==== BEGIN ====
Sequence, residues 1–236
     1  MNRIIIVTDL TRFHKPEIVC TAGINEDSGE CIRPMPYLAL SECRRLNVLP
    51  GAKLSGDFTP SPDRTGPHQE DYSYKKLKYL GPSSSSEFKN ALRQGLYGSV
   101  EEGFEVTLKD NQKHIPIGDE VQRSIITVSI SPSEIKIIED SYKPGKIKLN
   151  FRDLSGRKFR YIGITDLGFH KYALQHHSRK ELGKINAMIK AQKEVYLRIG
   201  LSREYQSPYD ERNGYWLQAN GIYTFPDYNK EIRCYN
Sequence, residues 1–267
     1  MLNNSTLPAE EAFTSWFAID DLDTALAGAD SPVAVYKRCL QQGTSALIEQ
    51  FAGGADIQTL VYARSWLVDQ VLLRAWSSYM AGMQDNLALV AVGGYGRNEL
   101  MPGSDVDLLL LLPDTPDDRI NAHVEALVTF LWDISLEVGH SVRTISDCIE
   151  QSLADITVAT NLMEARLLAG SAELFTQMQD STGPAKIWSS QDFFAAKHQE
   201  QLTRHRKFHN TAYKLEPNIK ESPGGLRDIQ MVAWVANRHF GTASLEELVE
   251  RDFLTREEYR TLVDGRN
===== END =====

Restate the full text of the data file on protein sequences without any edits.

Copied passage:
Sequence, residues 1–236
     1  MNRIIIVTDL TRFHKPEIVC TAGINEDSGE CIRPMPYLAL SECRRLNVLP
    51  GAKLSGDFTP SPDRTGPHQE DYSYKKLKYL GPSSSSEFKN ALRQGLYGSV
   101  EEGFEVTLKD NQKHIPIGDE VQRSIITVSI SPSEIKIIED SYKPGKIKLN
   151  FRDLSGRKFR YIGITDLGFH KYALQHHSRK ELGKINAMIK AQKEVYLRIG
   201  LSREYQSPYD ERNGYWLQAN GIYTFPDYNK EIRCYN
Sequence, residues 1–267
     1  MLNNSTLPAE EAFTSWFAID DLDTALAGAD SPVAVYKRCL QQGTSALIEQ
    51  FAGGADIQTL VYARSWLVDQ VLLRAWSSYM AGMQDNLALV AVGGYGRNEL
   101  MPGSDVDLLL LLPDTPDDRI NAHVEALVTF LWDISLEVGH SVRTISDCIE
   151  QSLADITVAT NLMEARLLAG SAELFTQMQD STGPAKIWSS QDFFAAKHQE
   201  QLTRHRKFHN TAYKLEPNIK ESPGGLRDIQ MVAWVANRHF GTASLEELVE
   251  RDFLTREEYR TLVDGRN